CASCO — Work to replace the Pleasant Lake dam is almost completed, according to Otisfield Selectmen Hal Ferguson.
The dam was in jeopardy of failing and is being replaced using $500,000 that was approved by voters in Otisfield and Casco, who jointly own the dam on Route 121 in Casco.
“The dam itself will be finished in a week or two,” Ferguson told the Advertiser Democrat late last week.
Equipment including cranes and cement trucks were on site last week pouring the last section of the dam that is located between the Hancock Lumber office building parking lot and the Pleasant Lake House Bed and Breakfast.
In 2014, Casco and Otisfield selectmen received a report from the Maine Emergency Management Agency about leakage and structural deterioration at the spillway dam. The towns face significant fines from the Maine Department of Environmental Protection if the dam fails. Town officials, along with members of the Pleasant Lake and Parker Pond Association, began meeting to develop a strategy to repair the dam.
In June, selectmen in Casco and Otisfield approved a $421,639 bid by T-Buck Construction for dam repair work. Voters in Otisfield and Casco approved bonding $250,000 from each of their towns.
While the dam is almost complete, work is continuing to put an extended pipe across Route 121 into the lake to provide Maine Inland Fishers and Wildlife’s passageway for the fish.
Currently temporary piping is in place after water above the dam was emptied to create a coffer dam.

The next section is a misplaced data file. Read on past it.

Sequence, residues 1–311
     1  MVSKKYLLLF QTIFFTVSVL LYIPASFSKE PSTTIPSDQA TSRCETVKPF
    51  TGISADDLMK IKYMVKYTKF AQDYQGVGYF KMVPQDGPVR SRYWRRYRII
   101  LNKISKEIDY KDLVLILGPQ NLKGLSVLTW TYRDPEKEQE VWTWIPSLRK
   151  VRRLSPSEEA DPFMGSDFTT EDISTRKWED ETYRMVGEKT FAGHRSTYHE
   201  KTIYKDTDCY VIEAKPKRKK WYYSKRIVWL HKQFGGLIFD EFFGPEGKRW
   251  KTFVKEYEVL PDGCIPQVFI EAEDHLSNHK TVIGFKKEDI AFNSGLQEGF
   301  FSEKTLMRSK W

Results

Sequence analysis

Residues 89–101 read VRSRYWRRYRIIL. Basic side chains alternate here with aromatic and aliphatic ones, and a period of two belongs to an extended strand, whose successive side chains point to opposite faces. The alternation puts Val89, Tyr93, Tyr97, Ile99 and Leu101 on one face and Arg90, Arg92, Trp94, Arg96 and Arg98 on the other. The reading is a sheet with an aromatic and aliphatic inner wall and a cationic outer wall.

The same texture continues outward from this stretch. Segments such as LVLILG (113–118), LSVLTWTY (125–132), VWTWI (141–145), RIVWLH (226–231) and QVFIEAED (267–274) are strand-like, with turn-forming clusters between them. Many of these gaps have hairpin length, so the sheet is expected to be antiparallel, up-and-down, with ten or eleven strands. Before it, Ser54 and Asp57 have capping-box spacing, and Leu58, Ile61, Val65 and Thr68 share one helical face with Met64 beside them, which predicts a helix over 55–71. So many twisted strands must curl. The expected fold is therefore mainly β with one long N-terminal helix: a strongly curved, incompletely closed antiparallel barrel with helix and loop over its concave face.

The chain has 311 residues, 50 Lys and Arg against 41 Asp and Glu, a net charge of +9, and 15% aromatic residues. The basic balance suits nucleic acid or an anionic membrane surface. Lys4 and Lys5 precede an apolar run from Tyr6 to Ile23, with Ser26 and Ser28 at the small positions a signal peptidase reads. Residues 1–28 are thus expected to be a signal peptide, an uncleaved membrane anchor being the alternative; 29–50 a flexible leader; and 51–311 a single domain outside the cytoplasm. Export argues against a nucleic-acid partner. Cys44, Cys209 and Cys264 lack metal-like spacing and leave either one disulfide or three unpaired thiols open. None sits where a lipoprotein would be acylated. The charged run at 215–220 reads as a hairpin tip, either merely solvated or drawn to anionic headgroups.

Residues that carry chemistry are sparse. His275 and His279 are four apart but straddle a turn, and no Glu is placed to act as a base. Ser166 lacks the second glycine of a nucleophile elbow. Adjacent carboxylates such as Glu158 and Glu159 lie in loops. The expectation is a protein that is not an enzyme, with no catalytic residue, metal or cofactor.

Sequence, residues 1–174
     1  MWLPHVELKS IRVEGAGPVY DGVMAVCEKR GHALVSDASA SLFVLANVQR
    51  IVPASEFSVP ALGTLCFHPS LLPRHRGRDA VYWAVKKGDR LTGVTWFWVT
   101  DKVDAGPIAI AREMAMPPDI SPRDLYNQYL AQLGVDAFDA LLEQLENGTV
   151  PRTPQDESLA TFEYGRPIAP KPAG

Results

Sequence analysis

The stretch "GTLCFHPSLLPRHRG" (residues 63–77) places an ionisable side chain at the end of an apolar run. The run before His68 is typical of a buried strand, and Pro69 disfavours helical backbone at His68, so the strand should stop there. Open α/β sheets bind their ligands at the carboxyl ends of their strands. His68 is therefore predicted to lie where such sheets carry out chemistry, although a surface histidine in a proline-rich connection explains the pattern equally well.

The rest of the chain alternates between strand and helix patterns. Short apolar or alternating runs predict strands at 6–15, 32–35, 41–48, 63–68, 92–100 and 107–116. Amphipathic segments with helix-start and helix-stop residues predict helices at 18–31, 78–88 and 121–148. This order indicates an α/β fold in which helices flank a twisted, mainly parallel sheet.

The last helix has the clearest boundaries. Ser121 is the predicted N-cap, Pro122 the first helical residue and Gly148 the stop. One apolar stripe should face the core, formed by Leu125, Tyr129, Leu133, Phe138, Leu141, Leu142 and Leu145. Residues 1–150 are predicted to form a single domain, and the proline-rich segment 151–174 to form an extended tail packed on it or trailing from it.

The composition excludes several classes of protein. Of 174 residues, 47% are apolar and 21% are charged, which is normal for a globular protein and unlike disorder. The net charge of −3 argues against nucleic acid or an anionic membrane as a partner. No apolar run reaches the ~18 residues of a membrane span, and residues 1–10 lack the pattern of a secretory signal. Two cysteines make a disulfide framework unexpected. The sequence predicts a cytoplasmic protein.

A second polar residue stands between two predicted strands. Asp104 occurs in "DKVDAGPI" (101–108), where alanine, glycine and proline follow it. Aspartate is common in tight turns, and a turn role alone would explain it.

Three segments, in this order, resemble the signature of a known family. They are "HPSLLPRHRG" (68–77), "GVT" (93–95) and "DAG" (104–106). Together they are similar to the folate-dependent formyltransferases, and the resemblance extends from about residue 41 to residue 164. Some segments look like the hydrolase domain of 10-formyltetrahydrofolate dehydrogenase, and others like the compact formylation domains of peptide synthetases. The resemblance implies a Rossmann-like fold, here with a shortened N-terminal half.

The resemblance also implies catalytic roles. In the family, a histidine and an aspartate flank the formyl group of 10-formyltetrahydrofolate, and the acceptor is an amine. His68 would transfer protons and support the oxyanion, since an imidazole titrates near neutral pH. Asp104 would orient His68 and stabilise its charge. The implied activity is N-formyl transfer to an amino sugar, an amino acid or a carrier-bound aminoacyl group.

The problem now is to remove tons of sand and silt that have built up above the dam and would threaten the stability of the dam again once the water is released, Ferguson said. The towns are waiting for a permit from the Department of Environmental protection to begin that removal work.
Ross A. Cudlitz, the project engineer for Engineering Assistance & Design Inc. in Yarmouth has been overseeing the project for Casco and Otisfield, along with Myron Pertrovsky, design engineer of MBP Consulting.
The start of the dam replacement project was delayed this fall when the state permit failed to be issued in a timely manner.
During excavation, the front of the dam was cut down so the old dam could be removed and the new one built. It was excavated to within a few feet to the bedrock.
The 1,332 acre Pleasant Lake is 4 miles long and a mile wide, with a maximum depth of 62 feet and an “excellent” water quality rating as determined by the Maine Department of Environmental Protection.
The lake hosts numerous year round and seasonal homes, as well as the internationally known “Seeds of Peace” camp and other childrens’ camps.